Don Eyles worked on the Apollo project from 1966 to 1972, and on the NASA space program until 1998, as a computer scientist at the MIT Instrumentation Lab and the Charles Stark Draper Laboratory in Cambridge, Massachusetts.
He created programs for the computer of the Apollo Lunar Module, responsible for the software that successfully guided the LM during the critical lunar landing phases of every Apollo mission that was able to attempt a landing. He worked with astronauts and NASA flight controllers to improve the software in response to the operational goals for each mission, and he received the NASA Public Service Award in 1971 for devising a timely workaround for a problem that jeopardized Alan Shepard's mission to the Moon.
After Apollo he helped develop several simulations of the Space Shuttle, and led the development of a Space Station simulation that explored the use of computer graphics aboard a manned spacecraft. For simulation purposes he developed a sequencing system called Timeliner, built around a language based on temporal constructs such as "when," "before" and "until." After further development Timeliner was chosen by NASA for use as the "user interface language" aboard the International Space Station, where it is in continuous operation.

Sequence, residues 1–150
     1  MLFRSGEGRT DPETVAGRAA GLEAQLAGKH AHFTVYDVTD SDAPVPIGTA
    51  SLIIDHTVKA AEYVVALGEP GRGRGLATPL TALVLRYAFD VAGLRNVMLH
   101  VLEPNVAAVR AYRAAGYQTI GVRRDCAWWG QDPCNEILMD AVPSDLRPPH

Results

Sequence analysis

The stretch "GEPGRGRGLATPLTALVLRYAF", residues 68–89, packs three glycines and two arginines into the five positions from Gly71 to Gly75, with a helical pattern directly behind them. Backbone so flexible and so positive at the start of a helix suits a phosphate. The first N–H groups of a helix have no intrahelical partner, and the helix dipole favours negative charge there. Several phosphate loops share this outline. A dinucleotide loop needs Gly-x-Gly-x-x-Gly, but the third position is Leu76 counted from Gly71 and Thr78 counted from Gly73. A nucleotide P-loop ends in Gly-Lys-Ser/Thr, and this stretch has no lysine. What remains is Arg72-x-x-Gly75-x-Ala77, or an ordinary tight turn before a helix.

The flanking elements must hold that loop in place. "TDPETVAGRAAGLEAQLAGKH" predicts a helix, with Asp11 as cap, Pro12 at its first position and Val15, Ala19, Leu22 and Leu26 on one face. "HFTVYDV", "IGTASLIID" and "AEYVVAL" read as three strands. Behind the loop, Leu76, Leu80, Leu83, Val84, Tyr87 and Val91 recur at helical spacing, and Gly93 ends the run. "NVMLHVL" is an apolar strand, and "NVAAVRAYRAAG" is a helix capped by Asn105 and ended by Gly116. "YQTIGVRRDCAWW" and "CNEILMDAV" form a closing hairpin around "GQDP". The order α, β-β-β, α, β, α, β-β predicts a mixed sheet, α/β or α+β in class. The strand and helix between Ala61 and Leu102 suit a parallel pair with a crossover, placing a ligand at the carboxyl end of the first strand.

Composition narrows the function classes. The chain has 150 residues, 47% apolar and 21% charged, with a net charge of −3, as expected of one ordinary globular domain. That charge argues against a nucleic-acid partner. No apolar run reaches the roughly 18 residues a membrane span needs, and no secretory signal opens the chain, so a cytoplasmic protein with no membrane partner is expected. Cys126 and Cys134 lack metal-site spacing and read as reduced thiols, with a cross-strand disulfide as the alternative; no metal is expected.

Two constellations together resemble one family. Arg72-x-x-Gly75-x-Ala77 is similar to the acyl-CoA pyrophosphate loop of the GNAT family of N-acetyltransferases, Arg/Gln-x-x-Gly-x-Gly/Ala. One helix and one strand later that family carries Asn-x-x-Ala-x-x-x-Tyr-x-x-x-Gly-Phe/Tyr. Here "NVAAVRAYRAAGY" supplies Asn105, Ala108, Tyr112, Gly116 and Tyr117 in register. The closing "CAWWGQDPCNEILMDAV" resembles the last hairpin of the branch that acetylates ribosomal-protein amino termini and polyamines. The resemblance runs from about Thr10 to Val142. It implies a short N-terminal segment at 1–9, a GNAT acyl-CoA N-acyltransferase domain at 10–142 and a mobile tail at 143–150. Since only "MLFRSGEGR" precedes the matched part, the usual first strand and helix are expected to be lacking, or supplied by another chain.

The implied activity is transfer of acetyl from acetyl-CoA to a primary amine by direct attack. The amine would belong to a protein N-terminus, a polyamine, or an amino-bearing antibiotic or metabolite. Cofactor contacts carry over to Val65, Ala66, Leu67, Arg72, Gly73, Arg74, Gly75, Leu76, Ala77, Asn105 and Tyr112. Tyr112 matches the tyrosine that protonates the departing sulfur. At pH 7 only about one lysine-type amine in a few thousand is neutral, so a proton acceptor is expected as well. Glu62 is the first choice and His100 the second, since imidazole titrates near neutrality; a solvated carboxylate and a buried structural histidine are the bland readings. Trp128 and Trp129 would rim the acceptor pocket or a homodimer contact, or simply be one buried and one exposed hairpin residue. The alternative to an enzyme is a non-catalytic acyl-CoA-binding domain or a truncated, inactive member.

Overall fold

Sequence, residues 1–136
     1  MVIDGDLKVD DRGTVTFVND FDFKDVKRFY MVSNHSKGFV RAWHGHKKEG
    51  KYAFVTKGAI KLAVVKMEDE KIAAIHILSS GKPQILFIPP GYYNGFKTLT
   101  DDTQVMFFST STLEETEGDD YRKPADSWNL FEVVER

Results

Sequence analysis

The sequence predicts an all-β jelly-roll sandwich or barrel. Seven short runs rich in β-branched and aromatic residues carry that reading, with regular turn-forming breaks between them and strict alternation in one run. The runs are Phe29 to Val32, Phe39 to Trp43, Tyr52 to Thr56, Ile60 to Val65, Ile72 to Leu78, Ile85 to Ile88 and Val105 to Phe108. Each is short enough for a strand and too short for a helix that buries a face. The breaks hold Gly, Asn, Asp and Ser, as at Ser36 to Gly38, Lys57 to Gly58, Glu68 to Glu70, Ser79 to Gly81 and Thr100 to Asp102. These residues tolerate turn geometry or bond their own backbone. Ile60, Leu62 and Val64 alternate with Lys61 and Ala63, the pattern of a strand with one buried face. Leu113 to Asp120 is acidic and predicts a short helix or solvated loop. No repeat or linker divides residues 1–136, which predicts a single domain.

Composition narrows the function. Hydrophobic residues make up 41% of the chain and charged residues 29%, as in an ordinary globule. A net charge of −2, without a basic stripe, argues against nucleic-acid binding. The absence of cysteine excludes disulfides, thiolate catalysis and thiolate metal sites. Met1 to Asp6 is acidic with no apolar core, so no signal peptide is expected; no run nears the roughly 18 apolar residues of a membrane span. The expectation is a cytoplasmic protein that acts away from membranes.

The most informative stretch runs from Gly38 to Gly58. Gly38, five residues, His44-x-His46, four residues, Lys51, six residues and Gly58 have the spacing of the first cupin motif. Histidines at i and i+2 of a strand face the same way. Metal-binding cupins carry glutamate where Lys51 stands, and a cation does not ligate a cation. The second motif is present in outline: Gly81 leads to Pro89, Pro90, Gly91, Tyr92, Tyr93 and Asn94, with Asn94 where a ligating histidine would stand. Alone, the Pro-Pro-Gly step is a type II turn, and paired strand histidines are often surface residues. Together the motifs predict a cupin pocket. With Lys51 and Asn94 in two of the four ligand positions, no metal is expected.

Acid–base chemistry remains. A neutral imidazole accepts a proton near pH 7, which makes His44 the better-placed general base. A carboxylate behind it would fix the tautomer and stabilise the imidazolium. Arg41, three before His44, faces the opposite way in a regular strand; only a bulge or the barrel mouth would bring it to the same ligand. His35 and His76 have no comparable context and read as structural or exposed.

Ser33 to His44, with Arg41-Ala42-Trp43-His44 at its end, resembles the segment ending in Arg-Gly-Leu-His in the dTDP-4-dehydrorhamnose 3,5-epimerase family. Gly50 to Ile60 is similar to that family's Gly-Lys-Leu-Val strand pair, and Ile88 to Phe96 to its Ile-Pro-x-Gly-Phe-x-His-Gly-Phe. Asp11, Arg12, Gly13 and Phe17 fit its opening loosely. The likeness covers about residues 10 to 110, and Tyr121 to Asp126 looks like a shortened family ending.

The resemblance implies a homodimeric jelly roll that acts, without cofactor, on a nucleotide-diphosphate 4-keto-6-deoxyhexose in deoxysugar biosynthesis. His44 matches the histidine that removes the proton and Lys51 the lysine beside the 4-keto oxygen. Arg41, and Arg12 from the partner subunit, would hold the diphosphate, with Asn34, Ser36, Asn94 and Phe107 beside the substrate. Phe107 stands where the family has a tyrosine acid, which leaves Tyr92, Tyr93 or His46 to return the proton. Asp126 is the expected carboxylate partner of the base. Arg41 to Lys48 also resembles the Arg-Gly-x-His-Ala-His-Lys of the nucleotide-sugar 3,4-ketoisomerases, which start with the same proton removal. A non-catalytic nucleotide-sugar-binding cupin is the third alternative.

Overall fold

Eyles is the author, besides technical papers, of stories and opinion pieces in the New York Times, the Boston Globe, and other publications. He regularly lectures about the Apollo project for a course given at MIT. His book, titled "Sunburst and Luminary: an Apollo Memoir," will be released by Fort Point Press on March 1, 2018.
Since 1985 he has regularly exhibited his photographs, which include a long-term investigation of the Boston's Big Dig project. Since 1998 he has created a series of floating sculptures, based on the Platonic solids, principally appearing in the Fort Point Channel of Boston, of which the latest is currently on view. His personal web site is doneyles.com.